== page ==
Gold steady ahead of Fed minutes, stimulus outlook

Last Updated: Tue, Aug 20, 2013 04:11 hrs

Gold was steady on Tuesday as traders waited for clues on the outlook for U.S. stimulus from the minutes of the Federal Reserve's July policy meeting, due for release on Wednesday.


Spot gold had risen 0.1 percent to $1,367.14 an ounce by 0007 GMT. It fell on Monday, snapping a three-day winning streak as rising U.S. bond yields signalled the Fed could be moving closer to reducing its bond-buying programme next month.

SPDR Gold Trust, the world's largest gold-backed exchange-traded fund, said its holdings fell 0.33 percent to 912.32 tonnes on Monday, after seeing its first weekly increase since November 2012.

Britain's gold exports to Switzerland surged in the first half of this year, Australian bank Macquarie said on Monday, suggesting bullion being sold out of exchange-traded funds may be heading for Swiss refineries before being sold on in Asia.

Indian traders said they would start importing gold again over the next week or so after the central bank clarified a new rule that brought the flow of the precious metal into the world's top gold consumer to a standstill at the end of July.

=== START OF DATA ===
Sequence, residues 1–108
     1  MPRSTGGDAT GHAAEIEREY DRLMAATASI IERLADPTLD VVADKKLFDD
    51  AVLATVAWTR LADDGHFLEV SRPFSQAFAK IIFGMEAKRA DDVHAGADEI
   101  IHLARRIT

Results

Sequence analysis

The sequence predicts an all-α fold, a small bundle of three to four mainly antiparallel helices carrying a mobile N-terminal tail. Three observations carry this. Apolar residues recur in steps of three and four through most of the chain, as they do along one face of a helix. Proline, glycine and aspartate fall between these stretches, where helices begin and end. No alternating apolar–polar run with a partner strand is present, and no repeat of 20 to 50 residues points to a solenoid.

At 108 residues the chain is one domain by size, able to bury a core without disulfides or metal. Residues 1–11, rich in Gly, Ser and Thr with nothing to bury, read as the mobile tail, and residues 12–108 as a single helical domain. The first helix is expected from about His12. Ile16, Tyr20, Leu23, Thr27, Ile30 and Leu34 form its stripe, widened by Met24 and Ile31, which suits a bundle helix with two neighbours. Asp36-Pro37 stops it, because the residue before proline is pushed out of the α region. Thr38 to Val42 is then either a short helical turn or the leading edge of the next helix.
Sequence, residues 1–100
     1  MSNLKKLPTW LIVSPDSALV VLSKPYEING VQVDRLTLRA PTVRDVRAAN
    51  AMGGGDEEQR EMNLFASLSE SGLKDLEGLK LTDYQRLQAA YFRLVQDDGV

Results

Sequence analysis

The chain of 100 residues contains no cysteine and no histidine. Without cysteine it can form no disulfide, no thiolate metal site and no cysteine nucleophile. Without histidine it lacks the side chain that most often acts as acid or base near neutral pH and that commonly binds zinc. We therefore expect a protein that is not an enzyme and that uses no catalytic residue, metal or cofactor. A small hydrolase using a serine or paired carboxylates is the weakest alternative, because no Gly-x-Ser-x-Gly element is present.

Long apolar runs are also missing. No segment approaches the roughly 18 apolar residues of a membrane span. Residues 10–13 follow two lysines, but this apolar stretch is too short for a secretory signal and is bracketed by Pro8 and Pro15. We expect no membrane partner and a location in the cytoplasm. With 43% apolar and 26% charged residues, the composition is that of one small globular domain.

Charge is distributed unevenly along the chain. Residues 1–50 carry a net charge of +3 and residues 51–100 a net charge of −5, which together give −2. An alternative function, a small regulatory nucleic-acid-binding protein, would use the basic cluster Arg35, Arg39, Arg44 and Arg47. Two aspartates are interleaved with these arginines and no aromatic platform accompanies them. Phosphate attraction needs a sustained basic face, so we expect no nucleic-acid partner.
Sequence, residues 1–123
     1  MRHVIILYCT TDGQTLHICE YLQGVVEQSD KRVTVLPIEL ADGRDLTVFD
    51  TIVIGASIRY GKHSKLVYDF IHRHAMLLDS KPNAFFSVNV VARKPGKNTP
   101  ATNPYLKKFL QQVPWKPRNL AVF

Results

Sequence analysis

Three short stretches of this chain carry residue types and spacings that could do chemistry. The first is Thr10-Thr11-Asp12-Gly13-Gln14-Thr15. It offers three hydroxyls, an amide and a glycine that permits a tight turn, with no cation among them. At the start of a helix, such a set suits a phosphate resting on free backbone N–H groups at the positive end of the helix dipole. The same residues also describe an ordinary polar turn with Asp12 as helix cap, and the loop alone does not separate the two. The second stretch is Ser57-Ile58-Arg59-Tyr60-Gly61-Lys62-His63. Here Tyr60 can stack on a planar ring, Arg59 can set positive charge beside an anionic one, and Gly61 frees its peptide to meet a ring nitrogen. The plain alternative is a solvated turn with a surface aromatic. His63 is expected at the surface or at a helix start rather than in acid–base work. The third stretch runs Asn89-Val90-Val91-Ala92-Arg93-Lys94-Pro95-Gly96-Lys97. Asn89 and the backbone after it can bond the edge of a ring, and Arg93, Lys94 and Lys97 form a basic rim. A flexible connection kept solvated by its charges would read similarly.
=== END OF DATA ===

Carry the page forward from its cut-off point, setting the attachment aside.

The cost structure at AngloGold Ashanti's flagship Ghana gold mine is unsustainable and the company is looking to make cuts to counter rising costs and falling production, the firm's chief executive said.

Anglo American Platinum (Amplats), the world's top platinum producer, said it planned almost 7,000 job cuts at its South African operations including thousands of compulsory lay-offs, drawing an angry response from a labour union and raising the risk of renewed unrest at its mines.

Platinum producer Lonmin faces possible strike action from minority unions that were left out of a recognition agreement it signed last week with South Africa's hardline Association of Mineworkers and Construction Union.

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U.S. benchmark bond yields hit a two-year high near 3 percent on Monday and emerging market currencies from India to Indonesia tumbled as markets braced for the Fed to start withdrawing support for the U.S. economy.

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